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The Dress Gets Woke – How 'Wear The Dress Day' Hopes To End Period Poverty

The now-infamous polka dot Zara Dress seen on everyone from commuters to public health nurses has decided to use its powers for good.

‘Wear The Dress Day’ has been announced as Thursday 22 August 2019.

For those of you unfamiliar with the now-infamous black and white Zara dress in question direct yourselves here, but for the rest of you who've spent your summer making panicked eye contact to everyone wearing it, step right in. 

Next Thursday, the owners of this year’s most ubiquitous dress will be asked to wear the dress in unison and donate upwards of £3/€3 to the period poverty campaign group, Free Periods.

The awareness day is being organised by Faye Oakenfull, the woman behind the Instagram account dedicated to the polka dot dress’s popularity @hot4thespot.

The account has now amassed over 20,000 followers and been featured in media publications such as the New York Times, Vogue and Vice.

Oakenfull is now looking to use this popularity to raise money for an important cause.

It has been amazing to (unexpectedly) watch the account blow up over the past few months, and it only seemed right to seize an opportunity to do some social good whilst the page’s popularity is still at its peak," she said. 

"Picking a cause that reflected the same feminist spirit of the incredible community that the dress has created was important to me — which is why I reached out to Free Periods to ask if we could join in their campaign to end period poverty across the world.”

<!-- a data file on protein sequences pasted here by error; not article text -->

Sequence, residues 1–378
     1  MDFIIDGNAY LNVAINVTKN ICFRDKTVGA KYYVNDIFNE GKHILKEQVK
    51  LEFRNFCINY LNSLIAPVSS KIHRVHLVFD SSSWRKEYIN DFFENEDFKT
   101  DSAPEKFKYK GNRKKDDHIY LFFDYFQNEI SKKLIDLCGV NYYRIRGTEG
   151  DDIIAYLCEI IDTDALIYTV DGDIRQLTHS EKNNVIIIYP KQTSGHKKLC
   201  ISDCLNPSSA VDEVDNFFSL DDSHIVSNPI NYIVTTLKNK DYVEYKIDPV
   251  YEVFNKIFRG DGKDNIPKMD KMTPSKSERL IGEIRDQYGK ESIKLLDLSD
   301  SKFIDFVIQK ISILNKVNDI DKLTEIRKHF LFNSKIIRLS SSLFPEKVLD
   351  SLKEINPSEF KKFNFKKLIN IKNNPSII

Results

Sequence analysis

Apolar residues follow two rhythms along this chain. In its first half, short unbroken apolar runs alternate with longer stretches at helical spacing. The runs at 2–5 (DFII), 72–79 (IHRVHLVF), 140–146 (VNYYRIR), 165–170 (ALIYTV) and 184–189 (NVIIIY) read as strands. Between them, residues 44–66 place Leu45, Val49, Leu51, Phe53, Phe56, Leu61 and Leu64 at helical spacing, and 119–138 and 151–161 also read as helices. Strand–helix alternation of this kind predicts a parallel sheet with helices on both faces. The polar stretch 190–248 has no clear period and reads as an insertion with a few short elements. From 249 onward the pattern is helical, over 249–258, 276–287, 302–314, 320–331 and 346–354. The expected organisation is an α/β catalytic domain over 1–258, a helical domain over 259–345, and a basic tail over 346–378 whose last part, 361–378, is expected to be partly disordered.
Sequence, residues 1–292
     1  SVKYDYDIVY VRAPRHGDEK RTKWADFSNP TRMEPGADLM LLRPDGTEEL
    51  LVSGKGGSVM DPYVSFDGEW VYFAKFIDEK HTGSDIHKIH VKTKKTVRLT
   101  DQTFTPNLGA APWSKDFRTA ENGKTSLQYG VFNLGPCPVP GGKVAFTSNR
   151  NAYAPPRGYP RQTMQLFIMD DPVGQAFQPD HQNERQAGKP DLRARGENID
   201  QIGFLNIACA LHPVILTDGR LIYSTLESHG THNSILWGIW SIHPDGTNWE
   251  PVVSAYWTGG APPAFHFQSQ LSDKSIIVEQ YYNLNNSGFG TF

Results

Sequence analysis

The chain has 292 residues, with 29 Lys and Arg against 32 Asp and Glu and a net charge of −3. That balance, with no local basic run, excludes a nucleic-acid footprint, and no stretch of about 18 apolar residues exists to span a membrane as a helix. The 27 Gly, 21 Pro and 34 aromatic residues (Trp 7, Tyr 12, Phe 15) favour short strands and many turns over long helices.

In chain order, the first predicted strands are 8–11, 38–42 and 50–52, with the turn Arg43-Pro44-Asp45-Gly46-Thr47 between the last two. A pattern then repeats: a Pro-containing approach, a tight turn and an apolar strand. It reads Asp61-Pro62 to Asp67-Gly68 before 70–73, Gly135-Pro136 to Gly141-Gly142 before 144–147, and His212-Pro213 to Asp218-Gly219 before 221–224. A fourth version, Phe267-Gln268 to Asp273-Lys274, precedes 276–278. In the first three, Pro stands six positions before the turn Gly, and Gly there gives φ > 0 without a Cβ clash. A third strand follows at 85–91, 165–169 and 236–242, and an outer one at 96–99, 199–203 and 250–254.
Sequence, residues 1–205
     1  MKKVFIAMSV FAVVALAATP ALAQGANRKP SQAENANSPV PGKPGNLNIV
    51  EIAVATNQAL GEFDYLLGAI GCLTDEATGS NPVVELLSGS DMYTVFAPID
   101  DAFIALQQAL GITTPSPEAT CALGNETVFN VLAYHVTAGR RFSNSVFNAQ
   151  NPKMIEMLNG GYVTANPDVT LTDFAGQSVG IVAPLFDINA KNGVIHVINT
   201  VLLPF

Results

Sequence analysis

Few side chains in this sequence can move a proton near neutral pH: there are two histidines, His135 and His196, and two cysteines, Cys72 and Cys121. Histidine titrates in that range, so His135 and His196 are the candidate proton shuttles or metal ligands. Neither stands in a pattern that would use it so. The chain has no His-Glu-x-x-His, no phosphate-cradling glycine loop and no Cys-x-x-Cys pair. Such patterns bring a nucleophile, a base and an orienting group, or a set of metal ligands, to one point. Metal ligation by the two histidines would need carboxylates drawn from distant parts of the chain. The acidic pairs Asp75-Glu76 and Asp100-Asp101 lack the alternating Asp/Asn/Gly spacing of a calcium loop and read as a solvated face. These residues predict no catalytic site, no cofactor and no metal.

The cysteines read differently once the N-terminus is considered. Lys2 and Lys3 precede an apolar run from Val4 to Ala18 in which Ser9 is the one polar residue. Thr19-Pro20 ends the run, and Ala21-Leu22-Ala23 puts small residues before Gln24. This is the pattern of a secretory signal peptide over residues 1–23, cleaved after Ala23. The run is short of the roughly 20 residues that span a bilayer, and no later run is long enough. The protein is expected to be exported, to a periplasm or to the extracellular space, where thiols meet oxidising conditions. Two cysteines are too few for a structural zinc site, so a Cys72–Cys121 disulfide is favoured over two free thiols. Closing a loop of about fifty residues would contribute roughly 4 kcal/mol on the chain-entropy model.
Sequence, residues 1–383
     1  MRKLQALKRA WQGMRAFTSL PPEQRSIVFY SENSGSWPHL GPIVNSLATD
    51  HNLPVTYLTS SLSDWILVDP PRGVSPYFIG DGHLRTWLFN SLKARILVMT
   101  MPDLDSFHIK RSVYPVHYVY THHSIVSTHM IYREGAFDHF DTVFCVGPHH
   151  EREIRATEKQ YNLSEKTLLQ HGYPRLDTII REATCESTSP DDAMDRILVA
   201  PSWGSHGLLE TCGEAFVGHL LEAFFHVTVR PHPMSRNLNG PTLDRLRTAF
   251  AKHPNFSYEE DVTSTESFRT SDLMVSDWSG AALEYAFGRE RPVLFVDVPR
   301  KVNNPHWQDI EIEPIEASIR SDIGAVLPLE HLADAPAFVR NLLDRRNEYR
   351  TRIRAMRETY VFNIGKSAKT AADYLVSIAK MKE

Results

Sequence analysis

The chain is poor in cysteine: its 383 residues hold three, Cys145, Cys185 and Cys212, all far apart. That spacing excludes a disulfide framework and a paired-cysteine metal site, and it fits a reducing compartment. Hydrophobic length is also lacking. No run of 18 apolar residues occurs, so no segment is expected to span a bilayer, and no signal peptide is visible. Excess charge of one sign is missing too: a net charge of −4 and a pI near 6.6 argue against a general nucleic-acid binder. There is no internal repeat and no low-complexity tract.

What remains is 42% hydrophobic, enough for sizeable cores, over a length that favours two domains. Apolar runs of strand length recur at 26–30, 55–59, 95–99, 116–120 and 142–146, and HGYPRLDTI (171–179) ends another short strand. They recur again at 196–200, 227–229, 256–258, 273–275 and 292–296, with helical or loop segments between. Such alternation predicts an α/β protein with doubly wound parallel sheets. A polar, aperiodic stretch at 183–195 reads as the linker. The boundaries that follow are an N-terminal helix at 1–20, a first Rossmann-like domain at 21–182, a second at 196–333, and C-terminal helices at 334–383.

Free Periods is a campaign group with a mission to tackle period poverty in the UK and beyond, so no child misses out on their education because of their period.

Set up by a 17-year-old Amika George in April 2017, the group successfully campaigned to secure Government funding for free, universally available menstrual products in all of England’s schools and colleges, and they are now working on building a global movement, normalising the conversation around periods and ensuring that all young people have access to the period products they need.

We are thrilled to have the support of one of the internet's loveliest, and funniest, communities!" Gemma Abbott, director of Free Periods says.

Every donation will help us in the fight for menstrual equity, for young people across the world.

Those looking to donate – dress-wearer or not – can do so here.

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